Multnomah County recognizes Domestic Violence Awareness Month

October 7, 2011

The Multnomah County Board of Commissioners acknowledged October as Domestic Violence month at the board meeting Thursday, Oct. 6. The board recognized vital county and local services that help survivors access shelters and navigate the criminal justice and mental health systems.

Domestic violence is one of the leading health concerns of women in the United States. It is estimated that at least half of all women experience some form of domestic violence in their lifetimes. Domestic violence impacts a wide variety of individuals and is not specific to certain races, ethnicities, income levels or cultures.

Most homes that have domestic violence have children living in them. Children who experience such violence are also at a higher risk for other types of violence. Domestic violence is the leading cause of homelessness for women and children.

In Multnomah County, there are 5,000 crime reports, 8,000 jail bookings and more than 2,000 restraining orders issued each year related to domestic violence.

Annie Neal, director of the Domestic Violence Coordination Office, said Multnomah County has increasingly directed more resources to domestic violence services. Twenty years ago there was one dedicated prosecutor and one probation officer who focused on such cases. Today there are entire county units dedicated to domestic violence intervention and prevention. Services now include seven culturally-specific programs and advocates based in many settings.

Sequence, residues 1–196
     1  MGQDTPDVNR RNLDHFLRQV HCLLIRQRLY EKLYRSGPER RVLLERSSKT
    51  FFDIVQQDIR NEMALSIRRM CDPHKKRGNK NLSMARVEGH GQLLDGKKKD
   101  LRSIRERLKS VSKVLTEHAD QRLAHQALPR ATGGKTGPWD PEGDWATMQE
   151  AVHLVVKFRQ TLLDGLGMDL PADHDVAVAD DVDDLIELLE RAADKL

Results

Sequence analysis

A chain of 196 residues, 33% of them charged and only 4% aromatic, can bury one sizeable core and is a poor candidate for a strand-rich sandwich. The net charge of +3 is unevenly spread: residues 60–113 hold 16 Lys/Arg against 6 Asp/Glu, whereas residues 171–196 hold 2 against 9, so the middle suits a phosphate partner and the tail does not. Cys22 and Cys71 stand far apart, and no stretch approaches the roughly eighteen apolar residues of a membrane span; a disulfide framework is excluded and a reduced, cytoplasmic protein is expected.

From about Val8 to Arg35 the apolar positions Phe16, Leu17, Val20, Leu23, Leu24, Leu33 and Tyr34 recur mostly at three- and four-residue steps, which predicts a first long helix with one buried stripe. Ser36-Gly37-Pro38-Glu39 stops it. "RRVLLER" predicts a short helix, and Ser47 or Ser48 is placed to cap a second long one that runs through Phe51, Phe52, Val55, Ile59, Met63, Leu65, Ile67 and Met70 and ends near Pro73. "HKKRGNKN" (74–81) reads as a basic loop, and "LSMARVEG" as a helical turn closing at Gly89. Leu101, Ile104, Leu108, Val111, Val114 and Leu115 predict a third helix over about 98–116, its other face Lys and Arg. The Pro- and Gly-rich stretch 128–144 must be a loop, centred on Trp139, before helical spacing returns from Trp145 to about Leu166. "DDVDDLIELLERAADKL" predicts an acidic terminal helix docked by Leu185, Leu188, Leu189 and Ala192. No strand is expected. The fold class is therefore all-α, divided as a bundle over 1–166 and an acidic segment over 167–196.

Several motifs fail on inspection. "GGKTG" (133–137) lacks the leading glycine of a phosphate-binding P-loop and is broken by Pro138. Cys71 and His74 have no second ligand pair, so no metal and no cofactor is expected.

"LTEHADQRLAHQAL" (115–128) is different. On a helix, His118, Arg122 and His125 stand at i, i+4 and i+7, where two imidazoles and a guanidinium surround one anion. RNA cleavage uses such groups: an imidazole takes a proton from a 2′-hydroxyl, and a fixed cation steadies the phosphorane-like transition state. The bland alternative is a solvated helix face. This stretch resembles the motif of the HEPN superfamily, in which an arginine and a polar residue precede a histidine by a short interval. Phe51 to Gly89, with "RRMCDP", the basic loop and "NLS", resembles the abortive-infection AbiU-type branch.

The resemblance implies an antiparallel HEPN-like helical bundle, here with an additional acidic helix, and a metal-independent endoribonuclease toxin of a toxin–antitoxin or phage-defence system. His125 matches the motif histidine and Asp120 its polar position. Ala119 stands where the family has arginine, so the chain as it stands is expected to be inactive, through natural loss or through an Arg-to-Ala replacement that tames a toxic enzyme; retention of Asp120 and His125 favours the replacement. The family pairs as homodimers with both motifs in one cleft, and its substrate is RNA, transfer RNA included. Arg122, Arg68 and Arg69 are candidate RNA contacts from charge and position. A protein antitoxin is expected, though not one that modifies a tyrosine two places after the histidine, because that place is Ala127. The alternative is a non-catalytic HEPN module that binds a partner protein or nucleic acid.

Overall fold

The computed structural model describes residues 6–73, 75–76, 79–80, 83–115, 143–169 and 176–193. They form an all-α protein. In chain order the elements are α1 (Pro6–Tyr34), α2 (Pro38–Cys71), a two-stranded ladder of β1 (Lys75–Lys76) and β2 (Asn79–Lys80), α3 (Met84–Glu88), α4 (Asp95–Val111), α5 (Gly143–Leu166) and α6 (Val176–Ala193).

“We now know that it’s a really significant source of violent crime,” Neal said. “Over the past 30 years it has accounted for about a third of all the homicides in our community.”

Since it opened last year, the Gateway Center for Domestic Violence Services has helped 2,000 adults and 750 children. There were nearly 7,000 visits to the center, which is located at 10305 E. Burnside St., Portland.

The center is a one-stop shop for everything from food stamps to child care to consultations with police officers or a deputy district attorney.

For more information:

If you need help immediately, call 911.

Call 1-888-235-5333 if you’re in Oregon and would like to speak to someone about domestic violence.

The county offers a number of services, which can be found on its domestic violence website.

Gateway Center for Domestic Violence Services

National Resource Center on Domestic Violence

Centers for Disease Control and Prevention Violence Prevention